Fri, Sep 04, 2009 - Page 16 News List

FILM REVIEW: There and back again, in a shell

‘Turtle: The Incredible Journey’ follows the life of a loggerhead turtle from its birth in Florida and trek across the Atlantic to its return 25 years later

By Ian Bartholomew  /  STAFF REPORTER


The denizens of the deep, in all their mystery, often make for fascinating cinema. All the way from Jacques Cousteau to Finding Nemo (2003) by way of Jaws (1975) and National Geographic Channel documentaries, the ocean has provided an abundance of material for filmmakers. The ocean, we are told, is endlessly delightful, fascinating, terrifying and above all mysterious in its power.

Turtle: The Incredible Journey is the first cinematic venture by the Save Our Seas Foundation and is helmed by Nick Stringer, who has directed numerous nature programs for the likes of the National Geographic Channel. It is therefore no surprise that the film has something of a televisual quality, though some of the spectacular underwater cinematography would be diminished if only seen on the small screen.

The film takes a look at the life of a loggerhead turtle, from its birth on the beaches of Florida through its journey along the Gulf Stream, years of danger in the wilderness of the Sargasso Sea, and arrival at the breeding grounds of the Azores before returning to the place of its birth 25 years later to lay eggs and set the wheel of life turning anew.

The director takes this story and gives it a somewhat melodramatic treatment. As the publicity material states, the film has “all the elements of a great epic: suspense, adventure, despair and hope.” The opening scene, shot from a very low angle, in which the baby turtle fights its way out of its shell and clambers the few long and deadly meters out to sea, brings to mind Saving Private Ryan and the storming of the Normandy beaches. Thousands of baby turtles fall victim to crabs or are dive-bombed by cormorants, killed in their first minutes of life. The images are spectacular, the survival rate shockingly low, and Miranda Richardson works far too hard to give the visuals even greater oomph.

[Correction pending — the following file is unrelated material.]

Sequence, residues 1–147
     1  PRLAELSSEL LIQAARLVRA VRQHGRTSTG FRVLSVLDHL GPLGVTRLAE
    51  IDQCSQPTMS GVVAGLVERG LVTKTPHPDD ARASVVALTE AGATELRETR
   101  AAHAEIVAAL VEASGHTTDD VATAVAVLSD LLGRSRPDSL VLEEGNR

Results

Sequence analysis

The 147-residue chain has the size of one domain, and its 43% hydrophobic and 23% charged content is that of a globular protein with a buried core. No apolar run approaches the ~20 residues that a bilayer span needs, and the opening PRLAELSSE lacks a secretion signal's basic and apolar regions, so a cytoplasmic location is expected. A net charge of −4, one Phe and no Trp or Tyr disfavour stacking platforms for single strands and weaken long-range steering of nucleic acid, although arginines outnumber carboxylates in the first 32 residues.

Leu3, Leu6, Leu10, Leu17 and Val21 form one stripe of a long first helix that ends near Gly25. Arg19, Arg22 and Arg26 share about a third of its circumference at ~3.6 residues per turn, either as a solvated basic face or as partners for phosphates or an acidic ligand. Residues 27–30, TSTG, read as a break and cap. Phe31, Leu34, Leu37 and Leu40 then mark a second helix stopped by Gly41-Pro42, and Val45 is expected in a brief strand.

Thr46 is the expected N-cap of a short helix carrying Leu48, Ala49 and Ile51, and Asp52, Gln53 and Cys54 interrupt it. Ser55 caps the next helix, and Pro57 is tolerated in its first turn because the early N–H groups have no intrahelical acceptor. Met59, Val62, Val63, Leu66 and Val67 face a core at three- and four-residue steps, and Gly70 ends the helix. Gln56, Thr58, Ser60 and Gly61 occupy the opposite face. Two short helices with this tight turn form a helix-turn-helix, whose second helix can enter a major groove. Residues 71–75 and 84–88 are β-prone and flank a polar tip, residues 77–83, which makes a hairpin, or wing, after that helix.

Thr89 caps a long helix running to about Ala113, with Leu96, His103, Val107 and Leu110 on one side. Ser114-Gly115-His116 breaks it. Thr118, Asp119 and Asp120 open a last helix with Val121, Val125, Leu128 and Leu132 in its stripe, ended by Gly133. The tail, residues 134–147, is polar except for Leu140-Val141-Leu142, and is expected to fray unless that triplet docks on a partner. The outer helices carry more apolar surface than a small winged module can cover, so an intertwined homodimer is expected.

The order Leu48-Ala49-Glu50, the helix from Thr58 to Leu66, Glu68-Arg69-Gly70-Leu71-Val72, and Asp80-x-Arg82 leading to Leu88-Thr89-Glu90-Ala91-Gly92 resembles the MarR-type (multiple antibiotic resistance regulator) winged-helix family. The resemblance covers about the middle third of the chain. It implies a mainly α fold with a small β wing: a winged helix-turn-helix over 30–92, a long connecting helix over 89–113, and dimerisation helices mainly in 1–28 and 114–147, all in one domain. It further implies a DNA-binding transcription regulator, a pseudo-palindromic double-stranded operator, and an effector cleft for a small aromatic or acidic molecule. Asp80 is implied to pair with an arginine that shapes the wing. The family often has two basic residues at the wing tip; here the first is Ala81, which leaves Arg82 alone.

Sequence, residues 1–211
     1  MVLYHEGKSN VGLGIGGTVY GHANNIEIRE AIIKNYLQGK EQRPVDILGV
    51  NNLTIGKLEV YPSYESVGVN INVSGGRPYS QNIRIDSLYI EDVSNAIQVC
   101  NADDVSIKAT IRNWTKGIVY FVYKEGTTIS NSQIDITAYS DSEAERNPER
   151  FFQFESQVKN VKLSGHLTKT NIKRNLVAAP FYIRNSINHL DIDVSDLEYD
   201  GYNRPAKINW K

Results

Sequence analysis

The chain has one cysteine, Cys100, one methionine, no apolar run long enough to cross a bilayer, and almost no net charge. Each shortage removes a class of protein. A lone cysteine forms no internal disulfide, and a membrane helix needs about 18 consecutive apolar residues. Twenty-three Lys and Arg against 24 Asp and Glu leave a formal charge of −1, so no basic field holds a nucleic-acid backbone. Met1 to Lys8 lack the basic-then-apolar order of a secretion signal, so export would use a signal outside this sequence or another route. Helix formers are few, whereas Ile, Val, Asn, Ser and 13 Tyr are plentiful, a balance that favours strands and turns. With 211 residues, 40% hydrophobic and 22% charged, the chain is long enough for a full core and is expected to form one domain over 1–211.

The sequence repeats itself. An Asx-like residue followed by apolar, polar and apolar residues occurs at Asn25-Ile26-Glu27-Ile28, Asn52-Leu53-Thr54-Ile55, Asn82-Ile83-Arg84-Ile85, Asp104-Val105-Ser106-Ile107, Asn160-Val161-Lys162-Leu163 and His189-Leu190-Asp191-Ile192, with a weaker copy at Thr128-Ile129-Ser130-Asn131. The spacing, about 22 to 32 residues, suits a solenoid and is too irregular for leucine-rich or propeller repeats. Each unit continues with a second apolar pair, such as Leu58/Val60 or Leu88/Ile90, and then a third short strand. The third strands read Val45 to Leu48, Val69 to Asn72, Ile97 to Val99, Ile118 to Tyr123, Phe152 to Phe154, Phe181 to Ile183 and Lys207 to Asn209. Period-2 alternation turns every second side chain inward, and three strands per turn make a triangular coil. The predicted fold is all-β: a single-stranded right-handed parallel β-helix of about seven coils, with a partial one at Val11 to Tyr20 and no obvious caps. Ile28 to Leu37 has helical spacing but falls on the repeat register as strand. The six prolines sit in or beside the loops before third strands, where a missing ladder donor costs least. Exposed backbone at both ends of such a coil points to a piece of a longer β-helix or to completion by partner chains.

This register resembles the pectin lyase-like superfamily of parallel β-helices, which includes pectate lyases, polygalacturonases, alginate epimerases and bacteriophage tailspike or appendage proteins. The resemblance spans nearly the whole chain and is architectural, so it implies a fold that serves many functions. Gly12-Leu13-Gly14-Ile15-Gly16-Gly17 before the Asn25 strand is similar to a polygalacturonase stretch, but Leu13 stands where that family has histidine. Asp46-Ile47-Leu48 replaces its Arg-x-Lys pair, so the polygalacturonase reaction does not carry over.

Turtle: The Incredible Journey


Nick Stringer


Miranda Richardson





If anything, Turtle: The Incredible Journey’s weakest point is this striving for an epic quality, with the voice-over sometimes adopting the breathless tones of the television commentator. One also wonders whether the film poster, with a loggerhead turtle gliding directly toward the camera, is referencing a very similar image used in promotions for Finding Nemo. This is clearly a film that is not missing anything in the book of publicity tricks to draw its audience. That said, the shoehorning of a storyline and the clear narration make this an excellent film for the whole family.

Despite the film’s faults, the unsentimental story told by the pictures and the facts dispensed by Richardson are fascinating, and one can only gasp in amazement at long tracking shots of giant schools of fish in a feeding frenzy, deadly fields of jellyfish, sharks and whales on their globetrotting odysseys and the strings of lowly Sargassum weed floating along the Gulf Stream, which plays such a crucial role in the lives of many marine creatures.

Above all else, Turtle: The Incredible Journey does one thing right. It preserves, and even deepens the sense of awe we feel at the mystery of life. While it doesn’t shy away from sentimentalizing the life of the loggerhead turtle, it also is perfectly up front about the cruel challenges turtles and other ocean creatures face on the road to adulthood, and hopefully makes us cherish these creatures and our shared environment a little bit more. Extensive information about the film can be found at

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